Materials Science

Something fishy about synthetic armor

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Science  27 Mar 2015:
Vol. 347, Issue 6229, pp. 1433
DOI: 10.1126/science.347.6229.1433-f

Fish scales inspire flexible armor

PHOTO: ATASHA FUNK, MARK STOYKOVICH AND FRANCK J. VERNEREY

Many fish are covered in rigid scales attached to a flexible dermis layer, an arrangement that is compliant, resistant to penetration, and lightweight—in other words, an efficient coat of armor. Fink et al. use this as inspiration for a synthetic protective material based on a stretchable mesh that supports a set of hard plastic tiles. The mesh, made from periodically repeating, sinusoidal polypropylene fibers, provides in-plane elasticity and holds the scales, made from cellulose acetate butyrate, in place as the material is deformed. It also provides a mechanism for scales to rotate and interact with adjacent scales. The mechanical response during in-plane deformation, flexure, and indentation showed many of the advantageous attributes of its biological counterpart.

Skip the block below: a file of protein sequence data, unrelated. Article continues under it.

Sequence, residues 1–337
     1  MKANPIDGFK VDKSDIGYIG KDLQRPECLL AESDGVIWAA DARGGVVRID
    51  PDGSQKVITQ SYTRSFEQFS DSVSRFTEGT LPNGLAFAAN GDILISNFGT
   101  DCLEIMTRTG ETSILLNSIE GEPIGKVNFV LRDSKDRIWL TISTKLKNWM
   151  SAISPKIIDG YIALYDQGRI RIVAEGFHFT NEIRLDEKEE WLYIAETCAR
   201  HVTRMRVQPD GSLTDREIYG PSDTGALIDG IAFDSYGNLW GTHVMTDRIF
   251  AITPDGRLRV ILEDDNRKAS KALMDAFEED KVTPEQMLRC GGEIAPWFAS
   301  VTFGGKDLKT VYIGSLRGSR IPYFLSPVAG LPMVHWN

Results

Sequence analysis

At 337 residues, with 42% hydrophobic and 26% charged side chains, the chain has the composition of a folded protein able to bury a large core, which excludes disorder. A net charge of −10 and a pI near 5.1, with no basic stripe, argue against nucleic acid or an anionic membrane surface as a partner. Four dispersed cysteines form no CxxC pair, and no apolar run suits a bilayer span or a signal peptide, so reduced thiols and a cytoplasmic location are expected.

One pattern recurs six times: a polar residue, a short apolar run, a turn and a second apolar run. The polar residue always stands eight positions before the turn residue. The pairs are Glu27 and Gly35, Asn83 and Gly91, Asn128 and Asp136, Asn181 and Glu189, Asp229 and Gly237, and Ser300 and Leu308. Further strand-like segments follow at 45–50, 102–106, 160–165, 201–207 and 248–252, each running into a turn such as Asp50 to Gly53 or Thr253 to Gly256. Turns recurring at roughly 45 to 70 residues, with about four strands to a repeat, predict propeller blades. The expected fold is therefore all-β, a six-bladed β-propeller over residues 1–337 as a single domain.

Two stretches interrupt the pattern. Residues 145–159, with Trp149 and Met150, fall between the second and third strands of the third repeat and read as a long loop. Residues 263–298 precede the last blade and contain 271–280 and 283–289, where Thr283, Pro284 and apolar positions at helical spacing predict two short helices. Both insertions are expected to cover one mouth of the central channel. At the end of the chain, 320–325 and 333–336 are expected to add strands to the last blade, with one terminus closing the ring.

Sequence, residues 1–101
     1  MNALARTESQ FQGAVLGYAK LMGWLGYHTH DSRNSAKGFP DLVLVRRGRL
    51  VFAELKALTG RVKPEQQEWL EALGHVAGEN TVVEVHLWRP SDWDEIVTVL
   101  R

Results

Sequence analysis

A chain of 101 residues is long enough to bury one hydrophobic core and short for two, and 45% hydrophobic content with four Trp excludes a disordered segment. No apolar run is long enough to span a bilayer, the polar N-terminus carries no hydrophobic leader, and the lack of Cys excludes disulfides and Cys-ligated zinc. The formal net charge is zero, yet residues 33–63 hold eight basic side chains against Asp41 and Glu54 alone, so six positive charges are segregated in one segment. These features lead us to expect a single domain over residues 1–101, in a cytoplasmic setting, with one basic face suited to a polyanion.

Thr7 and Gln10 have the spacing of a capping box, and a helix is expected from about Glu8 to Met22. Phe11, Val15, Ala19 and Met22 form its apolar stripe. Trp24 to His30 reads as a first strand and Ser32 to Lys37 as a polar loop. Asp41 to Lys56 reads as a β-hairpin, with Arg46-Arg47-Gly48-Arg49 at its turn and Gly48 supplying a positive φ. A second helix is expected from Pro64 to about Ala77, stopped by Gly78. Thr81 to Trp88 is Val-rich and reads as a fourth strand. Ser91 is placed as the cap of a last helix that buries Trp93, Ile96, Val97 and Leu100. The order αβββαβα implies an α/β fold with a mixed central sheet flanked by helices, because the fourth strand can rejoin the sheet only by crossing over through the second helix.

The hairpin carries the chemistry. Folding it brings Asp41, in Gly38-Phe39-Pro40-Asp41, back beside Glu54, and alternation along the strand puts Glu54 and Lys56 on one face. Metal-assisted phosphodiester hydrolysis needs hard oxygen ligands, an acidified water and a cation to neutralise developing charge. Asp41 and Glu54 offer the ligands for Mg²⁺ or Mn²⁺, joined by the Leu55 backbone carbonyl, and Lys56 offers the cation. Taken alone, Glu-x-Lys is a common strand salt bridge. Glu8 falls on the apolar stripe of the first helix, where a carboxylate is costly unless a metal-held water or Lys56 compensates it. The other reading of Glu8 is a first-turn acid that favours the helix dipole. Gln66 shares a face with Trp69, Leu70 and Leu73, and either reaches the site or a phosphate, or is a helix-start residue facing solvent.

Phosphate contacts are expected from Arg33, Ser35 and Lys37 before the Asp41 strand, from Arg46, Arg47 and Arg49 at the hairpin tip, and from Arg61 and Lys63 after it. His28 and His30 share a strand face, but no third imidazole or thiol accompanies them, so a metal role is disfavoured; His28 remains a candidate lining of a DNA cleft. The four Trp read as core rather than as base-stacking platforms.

ACS Appl. Mater. Interfaces 10.1021/acsami.5b00258 (2015).

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